Do Food Cravings Reflect Your Feelings?
How to overcome emotional eating
Get a Handle on Emotional Eating continued...
The conventional wisdom used to be that if you craved something, your body
needed a nutrient found in that particular food.
With the possible exception of chocolate, which contains the feel-good brain
chemical called serotonin, Spangle disdains this explanation. "Many people
would rather blame their physiology instead of doing the work of sorting out
their emotions and taking care of those needs," she says.
If eating carbs makes you crave more carbs, Spangle says, this may be partly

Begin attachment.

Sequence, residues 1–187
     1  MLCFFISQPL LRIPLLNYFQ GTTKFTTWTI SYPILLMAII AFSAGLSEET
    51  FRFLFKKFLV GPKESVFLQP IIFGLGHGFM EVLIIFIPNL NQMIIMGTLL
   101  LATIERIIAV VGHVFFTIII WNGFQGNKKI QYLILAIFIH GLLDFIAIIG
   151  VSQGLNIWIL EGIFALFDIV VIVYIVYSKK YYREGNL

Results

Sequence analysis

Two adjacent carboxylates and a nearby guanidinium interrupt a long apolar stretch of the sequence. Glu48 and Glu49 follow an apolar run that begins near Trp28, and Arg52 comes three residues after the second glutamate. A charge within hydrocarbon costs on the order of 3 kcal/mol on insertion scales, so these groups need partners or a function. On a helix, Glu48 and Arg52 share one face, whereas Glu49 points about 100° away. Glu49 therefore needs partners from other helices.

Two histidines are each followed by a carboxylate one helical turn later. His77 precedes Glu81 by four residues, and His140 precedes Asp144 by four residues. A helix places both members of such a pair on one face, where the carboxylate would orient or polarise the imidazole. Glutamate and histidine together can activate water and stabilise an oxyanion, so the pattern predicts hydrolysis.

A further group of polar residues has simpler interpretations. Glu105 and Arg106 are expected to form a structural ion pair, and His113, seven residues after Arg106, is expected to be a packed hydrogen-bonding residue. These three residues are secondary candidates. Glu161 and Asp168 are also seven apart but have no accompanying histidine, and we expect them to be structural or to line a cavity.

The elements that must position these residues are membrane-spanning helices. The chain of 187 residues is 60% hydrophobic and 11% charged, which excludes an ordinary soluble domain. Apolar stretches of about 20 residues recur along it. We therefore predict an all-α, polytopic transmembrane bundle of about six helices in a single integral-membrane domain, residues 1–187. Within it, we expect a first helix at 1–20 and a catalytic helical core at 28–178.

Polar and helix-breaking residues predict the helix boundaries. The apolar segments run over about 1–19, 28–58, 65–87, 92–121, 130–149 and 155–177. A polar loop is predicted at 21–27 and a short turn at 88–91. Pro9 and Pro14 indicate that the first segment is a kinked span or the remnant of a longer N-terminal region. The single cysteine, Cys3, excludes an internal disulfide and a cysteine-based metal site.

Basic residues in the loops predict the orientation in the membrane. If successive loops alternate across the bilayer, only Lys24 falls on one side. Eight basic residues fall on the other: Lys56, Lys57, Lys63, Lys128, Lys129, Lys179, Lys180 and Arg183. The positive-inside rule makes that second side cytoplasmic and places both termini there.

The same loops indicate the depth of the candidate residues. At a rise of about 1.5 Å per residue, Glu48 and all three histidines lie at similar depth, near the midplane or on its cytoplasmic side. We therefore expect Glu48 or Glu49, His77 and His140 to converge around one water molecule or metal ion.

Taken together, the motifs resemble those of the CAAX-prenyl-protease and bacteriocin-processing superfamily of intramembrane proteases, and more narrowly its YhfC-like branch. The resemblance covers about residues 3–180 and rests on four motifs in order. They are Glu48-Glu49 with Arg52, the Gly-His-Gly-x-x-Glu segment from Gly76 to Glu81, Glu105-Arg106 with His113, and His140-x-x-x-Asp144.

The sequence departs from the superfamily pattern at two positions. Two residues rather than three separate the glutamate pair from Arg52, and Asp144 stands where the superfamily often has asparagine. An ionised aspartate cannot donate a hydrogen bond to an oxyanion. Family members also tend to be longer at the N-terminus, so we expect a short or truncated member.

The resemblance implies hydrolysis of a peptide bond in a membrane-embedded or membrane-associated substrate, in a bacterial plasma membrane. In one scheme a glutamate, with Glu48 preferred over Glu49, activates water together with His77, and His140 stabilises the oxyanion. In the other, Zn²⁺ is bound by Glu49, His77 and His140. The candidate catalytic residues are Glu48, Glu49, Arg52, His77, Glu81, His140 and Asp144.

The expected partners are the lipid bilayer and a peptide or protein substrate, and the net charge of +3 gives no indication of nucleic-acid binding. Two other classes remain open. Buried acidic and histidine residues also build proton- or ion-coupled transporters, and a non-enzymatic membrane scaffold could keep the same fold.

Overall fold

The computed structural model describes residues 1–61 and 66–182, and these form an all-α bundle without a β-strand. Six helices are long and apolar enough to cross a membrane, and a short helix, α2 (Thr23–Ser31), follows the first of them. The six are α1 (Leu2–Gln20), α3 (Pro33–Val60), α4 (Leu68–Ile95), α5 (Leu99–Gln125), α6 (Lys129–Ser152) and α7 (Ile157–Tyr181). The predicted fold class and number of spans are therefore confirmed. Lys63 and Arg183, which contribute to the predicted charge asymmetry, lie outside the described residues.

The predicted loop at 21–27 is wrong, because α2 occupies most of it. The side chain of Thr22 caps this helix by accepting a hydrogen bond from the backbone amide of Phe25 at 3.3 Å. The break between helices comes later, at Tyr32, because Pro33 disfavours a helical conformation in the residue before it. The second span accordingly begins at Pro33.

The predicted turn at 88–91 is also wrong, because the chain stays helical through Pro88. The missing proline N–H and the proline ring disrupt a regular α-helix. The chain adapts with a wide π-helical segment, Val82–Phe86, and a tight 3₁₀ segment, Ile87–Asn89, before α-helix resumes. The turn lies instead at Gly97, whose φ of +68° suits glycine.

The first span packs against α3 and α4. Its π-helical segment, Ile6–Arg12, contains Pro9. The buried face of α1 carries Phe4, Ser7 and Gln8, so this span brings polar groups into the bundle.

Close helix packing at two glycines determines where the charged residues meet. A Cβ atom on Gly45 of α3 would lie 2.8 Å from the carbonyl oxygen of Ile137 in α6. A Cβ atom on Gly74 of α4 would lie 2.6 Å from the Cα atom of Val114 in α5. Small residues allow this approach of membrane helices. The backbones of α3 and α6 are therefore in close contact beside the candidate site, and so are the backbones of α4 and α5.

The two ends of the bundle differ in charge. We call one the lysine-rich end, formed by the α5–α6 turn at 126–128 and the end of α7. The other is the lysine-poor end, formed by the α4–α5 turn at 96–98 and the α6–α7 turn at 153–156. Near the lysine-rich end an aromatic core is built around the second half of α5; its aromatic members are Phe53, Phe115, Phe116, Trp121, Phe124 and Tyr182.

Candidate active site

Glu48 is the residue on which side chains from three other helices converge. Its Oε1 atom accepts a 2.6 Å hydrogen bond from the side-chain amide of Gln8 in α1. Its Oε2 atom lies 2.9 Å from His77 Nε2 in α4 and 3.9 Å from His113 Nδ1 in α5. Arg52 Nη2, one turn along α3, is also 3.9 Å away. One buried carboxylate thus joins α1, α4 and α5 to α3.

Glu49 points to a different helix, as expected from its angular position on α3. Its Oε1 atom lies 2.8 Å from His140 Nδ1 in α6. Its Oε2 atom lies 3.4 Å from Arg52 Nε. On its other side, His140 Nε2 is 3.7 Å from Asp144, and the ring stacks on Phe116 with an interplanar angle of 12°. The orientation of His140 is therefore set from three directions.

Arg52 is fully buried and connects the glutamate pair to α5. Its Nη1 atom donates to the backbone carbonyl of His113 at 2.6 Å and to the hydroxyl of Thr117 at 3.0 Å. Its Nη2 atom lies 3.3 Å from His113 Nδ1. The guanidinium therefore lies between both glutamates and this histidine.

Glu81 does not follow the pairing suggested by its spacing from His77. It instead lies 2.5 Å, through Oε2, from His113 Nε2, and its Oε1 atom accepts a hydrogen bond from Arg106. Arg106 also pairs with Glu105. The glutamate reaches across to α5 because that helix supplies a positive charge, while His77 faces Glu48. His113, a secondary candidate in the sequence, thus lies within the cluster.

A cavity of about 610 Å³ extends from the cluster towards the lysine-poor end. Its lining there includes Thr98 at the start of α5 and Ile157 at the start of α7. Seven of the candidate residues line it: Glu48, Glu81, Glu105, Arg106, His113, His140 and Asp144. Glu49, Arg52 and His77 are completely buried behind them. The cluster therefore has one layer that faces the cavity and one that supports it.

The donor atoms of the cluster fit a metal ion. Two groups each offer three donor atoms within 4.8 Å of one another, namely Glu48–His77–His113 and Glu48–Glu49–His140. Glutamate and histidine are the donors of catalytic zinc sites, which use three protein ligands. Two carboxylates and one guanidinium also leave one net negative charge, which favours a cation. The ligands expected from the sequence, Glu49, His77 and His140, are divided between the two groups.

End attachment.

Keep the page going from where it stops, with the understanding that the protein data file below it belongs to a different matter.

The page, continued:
due to your physiological makeup. But to stop eating the extra carbs, you need
to examine the reason for the emotional eating.
So take a look at the food you're holding in your hand, and ask: "Who do
I want to chew out?" "What's missing in my life?" Or just: "Why
am I eating this?"
The answer could help you stop eating when you're not hungry -- and put you
on the road to dealing with your feelings in a more productive way.